When I finally decided to quit my job at the hotel, I, in my own rat-race-withdrawal, went to work for another company. It was little web shop in my home town. I thought this job was different because it allowed me to use my creativity unlike my previous jobs, but, it wasn’t long before I realized that I was back in the wheel, spinning like mad. The company called itself a web shop, but in reality it was a production house, high volume and low quality websites at cheap rates. We were asked to manage the projects, design the projects and build code them as quickly as possible because more waited in the chute. It was a website assembly line, no different than a clerk at a grocery store. I was working that clock just like everyone else, disguised as something I enjoyed. Thankfully, while I worked at this production house, a good friend gave me an opportunity to attend a conference, were some of the best designers and developers in the world told their stories. When I asked them about their workflow, they all had different ways of expressing their creativity, but what was unanimous among them was that they spent more time thinking about their projects than using tools to actually work on them. They had the freedom to work out the kinks in their heads, to think through the possible problems and really, deeply, submerge themselves in what they were doing. To them, their job, their work, was art. That, in turn, helped produce the best they had. If you do not have the room to think through your work, you may be in a rat race of your own making.
1. If you feel as though what you do makes no difference.
I have a close friend who worked the same job at a shoe store since we were in high school. He began at the wall, grabbing shoes and helping people try them on. After a few years he made assistant manager, then manager and eventually he became the district manager over a few stores. He had dreams of being rich, but was making enough money to keep his wife happy and his hobbies going. He didn’t love his job, but it was a comfortable enough sacrifice for him. He told me that he’d, subconsciously, decided that he would work that job for his whole life and that he would die with hands in shoes. What he didn’t expect is that another kid, working all through high school and college, would be able to do the same job, for less pay. My friend was fired. Overnight, he was without a job for the first time since the day he was eligible to have one. And I had never seen him happier. When I asked him why he thought they fired him, he said simply, “because I didn’t make a difference”. When I asked him why he was so happy, he said, “I am free.”
One of the toughest things about being in the rat race is that often times your job is thankless. You go to work everyday, work your tail off and your reward is a paycheck. That’s it. Occasionally, some good Samaritan will be grateful for your work, but at the end of the day, you believe what you do is nothing special and can be easily replaced. This is what makes me, personally, the saddest. I totally understand we all need people to work these jobs, to do things they hate, to do the hard stuff. I have done it and I am all for it. But, when someone does those things without believing for a second that it offers any importance, or aid or makes a difference, I find it heartbreaking. It is for that person who loses sight of their aspirations, keeping their heads down while churning out minutes of their lives for pennies in a paycheck, for that person, that this little essay exists. A good man told me once, “I believe that when we work, we are trading life energy. I give you my life energy (doing some task), so you don’t have to spend yours (attempting to do the same task). So I try to make sure that what I decide to do is worth it.”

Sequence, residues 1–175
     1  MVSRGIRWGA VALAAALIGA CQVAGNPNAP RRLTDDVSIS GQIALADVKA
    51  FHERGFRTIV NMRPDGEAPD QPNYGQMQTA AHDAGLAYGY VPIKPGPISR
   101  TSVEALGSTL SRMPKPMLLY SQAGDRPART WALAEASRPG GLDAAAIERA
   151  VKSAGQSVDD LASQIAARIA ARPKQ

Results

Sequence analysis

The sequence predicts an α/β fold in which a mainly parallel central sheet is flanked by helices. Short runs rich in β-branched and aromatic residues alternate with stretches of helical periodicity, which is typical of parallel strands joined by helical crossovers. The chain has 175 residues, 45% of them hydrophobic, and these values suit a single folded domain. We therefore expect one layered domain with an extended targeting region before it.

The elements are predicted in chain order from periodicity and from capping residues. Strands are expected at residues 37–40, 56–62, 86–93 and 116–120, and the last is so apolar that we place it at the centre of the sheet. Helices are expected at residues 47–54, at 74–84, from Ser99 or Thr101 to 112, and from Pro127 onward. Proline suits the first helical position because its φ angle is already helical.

So how do you get out?
To get out of the rat race, the most important thing one need do is “decide” to get out. That may seem a simple, unsatisfying answer, but it is harder than anything I have ever done in my work life. When I worked those jobs I hated, deciding to leave them was as hard as letting go of the edge of the pool when you don’t know how to swim. And even when you do let go, you keep that edge in close sight, never straying too far away because of your fears. Getting out is hard. Really, really hard. Some of us have kids and families that are supported by that sacrifice, others are paralyzed by not knowing what comes next. Just know, it is not a noble sacrifice that keeps you in the rat race, but fear. Getting out requires a courage so foreign to you that it will feel wholly unnatural, it will feel as though you are letting everyone down. But, from that courage will come the reward of accomplishment and inspiration to those you thought you let down. Deciding to get out means asking yourself what you want to do and who you want to become. You must find your mark and shoot, find your destination and go get it. No two ways around it… it is scary. Knowing what you want to be isn’t a light course. To know this, we are required to study ourselves, acknowledge when we are mistaking fear for truth or excuses for opportunities. If you have a hobby you love, make it your business. If you have a dream, an aspiration, do you everything you can to make it happen and do not let others or even your own “lizard brain” keep you from achieving it.
I eventually quit both those jobs and started my own business. It was difficult and I had no idea what I was doing. It took several failures for me to learn the right lessons. But I did not and would not give up or give in. I have been told I wasn’t good enough, rejected by those I admire, sued by those I befriended and even totally broke with no prospects. But I kept my feet moving, kept making decisions and never let the thoughts of going back to the race draw me back in. In end, I made a plan, stuck to it, gave it my all and broke free.
You can too…all you have to do is decide; stop running in place and start running in the direction of your aspirations.